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13 Reasons Why

The days of claiming that there is nothing to watch on television seem to be a saying of the past.  It is amazing the number of quality shows you can watch, DVR, or stream at any given time.  No longer constrained by the strict ratings of commercializing programming channels (i.e. CBS, ABC, NBC, and Fox), there are outlets for cable programming and streaming services such as HBO, Showtime, Cinemax, TNT, FX, Netflix Originals, and Amazon Prime Original Series; just to name a few. Also gone are the days of Hollywood actors and actresses “thumbing their noses” at television regarding it as something they would do when the courtship of Hollywood had worn off.  Some of the Hollywood actors/actresses’ notables that have made that transition from the big screen to the small screen are Keiffer Sutherland (24 and Designator Survivor), Terrance Howard (Empire), Viola Davis (How to Get Away with Murder), Jennifer Lopez (Shades of Blue), and Kevin Spacey (House of Cards).  This is due to the quality programming television offers and the freedom and creativity that they now have that they did not have before. So, to celebrate the genius of television, each month I will highlight a TV show/series to help navigate through the plethora of outstanding programming of today.  For the month of April, the series highlight is Netflix’s Original series, 13 Reasons Why.

13 Reasons Why is based on the series of young adult novels written by Jay Asher in 2007.  The Netflix Original 13-part series tells a story of a young teenager named Hannah Baker (Katherine Langford) who commits suicide but leaves a series of tapes behind explaining the reasons why she made this tragic decision. The series begins with Clay Jensen (Dylan Minnette), a friend of Hannah, returning home from school to find a box of cassette tapes with his name on it on his front porch.  When he begins to play the cassette tapes, he is shocked to hear the voice of Hannah who committed suicide two weeks earlier.  This begins his emotional journey of discovering the reasons, or the people, that led to her decision to end her life.  He soon discovers the complexity of Hannah and that everyone she names on the tape, even his, are the reasons she committed suicide.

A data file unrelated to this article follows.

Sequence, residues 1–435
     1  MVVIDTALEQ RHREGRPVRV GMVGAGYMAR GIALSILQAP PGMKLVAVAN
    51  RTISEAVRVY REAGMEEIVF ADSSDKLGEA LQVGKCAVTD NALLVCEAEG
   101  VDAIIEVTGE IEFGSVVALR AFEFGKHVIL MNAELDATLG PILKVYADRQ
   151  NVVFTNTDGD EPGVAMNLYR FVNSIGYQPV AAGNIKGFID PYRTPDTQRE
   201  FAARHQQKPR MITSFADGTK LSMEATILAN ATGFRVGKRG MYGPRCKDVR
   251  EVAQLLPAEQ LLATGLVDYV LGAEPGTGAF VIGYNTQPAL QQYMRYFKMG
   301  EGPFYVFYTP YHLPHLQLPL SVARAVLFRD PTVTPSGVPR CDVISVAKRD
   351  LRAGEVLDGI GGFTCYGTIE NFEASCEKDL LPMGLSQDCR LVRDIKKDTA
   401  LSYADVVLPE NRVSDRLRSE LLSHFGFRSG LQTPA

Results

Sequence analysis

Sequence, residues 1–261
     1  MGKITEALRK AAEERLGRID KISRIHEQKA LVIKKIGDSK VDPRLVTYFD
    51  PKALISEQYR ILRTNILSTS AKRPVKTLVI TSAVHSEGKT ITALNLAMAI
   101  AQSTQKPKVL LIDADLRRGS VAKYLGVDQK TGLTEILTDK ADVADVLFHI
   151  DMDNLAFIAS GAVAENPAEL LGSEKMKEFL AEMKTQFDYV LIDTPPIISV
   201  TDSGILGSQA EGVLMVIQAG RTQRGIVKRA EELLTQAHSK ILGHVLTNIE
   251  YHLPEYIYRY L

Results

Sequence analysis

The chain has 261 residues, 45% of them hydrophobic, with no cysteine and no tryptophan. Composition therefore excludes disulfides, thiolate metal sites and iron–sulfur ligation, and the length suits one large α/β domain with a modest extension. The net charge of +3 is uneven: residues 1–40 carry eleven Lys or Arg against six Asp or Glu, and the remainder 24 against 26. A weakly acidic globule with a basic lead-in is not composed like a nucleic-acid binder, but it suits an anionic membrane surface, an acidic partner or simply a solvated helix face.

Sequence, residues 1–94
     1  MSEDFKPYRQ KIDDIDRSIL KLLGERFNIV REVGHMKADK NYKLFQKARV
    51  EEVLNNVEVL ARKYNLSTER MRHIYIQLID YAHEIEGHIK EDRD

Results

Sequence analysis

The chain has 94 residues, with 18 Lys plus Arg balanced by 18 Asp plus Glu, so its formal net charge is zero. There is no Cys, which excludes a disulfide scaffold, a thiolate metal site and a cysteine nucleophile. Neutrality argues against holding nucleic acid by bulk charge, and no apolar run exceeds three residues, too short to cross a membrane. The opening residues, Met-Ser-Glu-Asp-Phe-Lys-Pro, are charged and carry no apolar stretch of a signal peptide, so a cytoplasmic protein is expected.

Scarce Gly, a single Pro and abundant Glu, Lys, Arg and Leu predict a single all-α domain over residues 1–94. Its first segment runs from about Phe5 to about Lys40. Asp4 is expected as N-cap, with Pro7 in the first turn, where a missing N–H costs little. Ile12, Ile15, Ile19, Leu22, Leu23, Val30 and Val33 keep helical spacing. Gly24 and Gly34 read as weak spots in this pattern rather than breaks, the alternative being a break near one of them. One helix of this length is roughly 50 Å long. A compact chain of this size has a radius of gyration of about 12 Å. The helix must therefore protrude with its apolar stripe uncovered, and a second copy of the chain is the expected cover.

This story takes you on a rollercoaster of emotions from confusion to empathy to disgust to vengeance to anger to exasperation.  During each episode of the series, I found myself diagnosing each character trying to find clues that contributed to Hannah’s death.  For example, Alex (Miles Heizer), like Hannah, new to the school and one-time close friend, is seduced by popularity and starts to question the person he has become.  Then there is Jessica (Alisa Boe), Hannah’s “closest friend” who finds an attraction with Alex that tears their friendship apart.  Zach (Ross Butler), the popular basketball player loved by everyone and seems to have everything, but his home life shows differently.  Tony (Christian Navarro) the high school “bad boy” that everyone respects or fears has another identity that would change how his peers view him if they find out.  Courtney (Michele Selene Ang) the “brainy girl” raised by unconventional parents who are trying to be conventional herself but her secret claims otherwise.  Justin (Brandon Flynn) popular “jock” who lives in a broken abusive home starving to be loved by anyone.  Lastly, Bryce (Justine Prentice), everyone’s favorite rich party boy who seems to have the world at his feet.  But, is he whom he appears to be or there is something much darker hiding within?

The uniqueness of characters adds to the complexity of the storyline.  It an episodic onion, as soon as you peel one layer, there is another, then another then another.  It keeps you intrigued until the end.  As the credits began to roll after the last episode, I put the remote down, had a drink, leaned back in my recliner, and was forced on a journey of self-evaluation.  Emotionally, I was spent.  There are very few television series or shows that rival the emotions that I get from watching films.  It captured me and locked me in and before I knew it, within a two-day span, I had consumed all thirteen episodes.  There have been only two other Netflix series that have kept me enthralled like this, Stranger Things and To Catch a Murderer.


There has been criticism of the series by some suicide prevention groups that stated that it did more harm than good.  As reported by The New York Daily News the prevention groups are concerned that some viewers may over-identify with Hannah in the series and as a result may lead to more suicides.  I am not on either side of that fence, but I do think that this will cause discussion and introspect and challenge the viewer to find answers within themselves about relationships.  No one never knows what someone else is going through and the challenges he or she may be facing.  Not only is 13 Reasons Why entertaining, but it is also insightful.

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